January 04 • 1 Min Read
In this part of the series, we will take a look at how we went about measuring and speeding up our newly implemented GraphQL API. We did not put much emphasis on optimizing for performance while we were initially building the api because we had no real data on how it would be used in production. The best thing we could do in the beginning was to integrate Apollo Engine to collect the data and later provide us with insights on how we can improve performance.
Apollo Engine is an easy to integrate cloud service that provides deep insights into GraphQL APIs. Engine utilizes GraphQL’s primary advantages to provide features like caching, query execution tracing, and field-level error tracking. To gather insights on how our API is performing, we used the query tracing feature.
With query tracing, we can see what is slowing down our queries on a per-resolver level:
This tells us exactly which part of our query is taking the longest to execute and how much time it added to the overall response time.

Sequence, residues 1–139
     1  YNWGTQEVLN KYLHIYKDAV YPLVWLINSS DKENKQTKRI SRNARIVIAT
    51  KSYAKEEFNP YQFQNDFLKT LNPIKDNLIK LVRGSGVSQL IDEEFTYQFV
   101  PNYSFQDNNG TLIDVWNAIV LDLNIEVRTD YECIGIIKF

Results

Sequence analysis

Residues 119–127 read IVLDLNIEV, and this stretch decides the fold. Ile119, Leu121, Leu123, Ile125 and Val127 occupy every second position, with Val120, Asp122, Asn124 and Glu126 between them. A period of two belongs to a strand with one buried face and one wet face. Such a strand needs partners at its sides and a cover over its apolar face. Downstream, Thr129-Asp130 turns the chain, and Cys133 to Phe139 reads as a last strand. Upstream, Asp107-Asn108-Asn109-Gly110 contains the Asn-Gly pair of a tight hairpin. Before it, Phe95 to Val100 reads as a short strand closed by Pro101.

We noticed that every query request was initially taking a long time to react the first resolver:
This accounted for an average of ~30% of the wait time of each query. This was because we were authenticating the user and fetching some basic user information from the database each time an api call was made.
This gives us a huge opportunity for us to speed up the response time for every query request hitting our api.
Since we were using JSON Web Tokens (JWTs) for authenticating and managing user sessions, we can use one of its key features to our advantage— the payload. We can encode the user data we were previously getting for each api request as part of the JWT payload at the time of generating the auth token. This way, our backend can use this information instead of fetching from the database for each request.
We were able to speed up the response time of every query request by an average of 30%.
This was just one simple way we were able to find an opportunity to improve user experience using Apollo Engine. Since then, we were able to identify a few other queries which had very long response times and were able to split them up into smaller, faster queries. Gaining insights like this for REST APIs was very difficult because the implementation is different for each api and would require a lot of time to implement.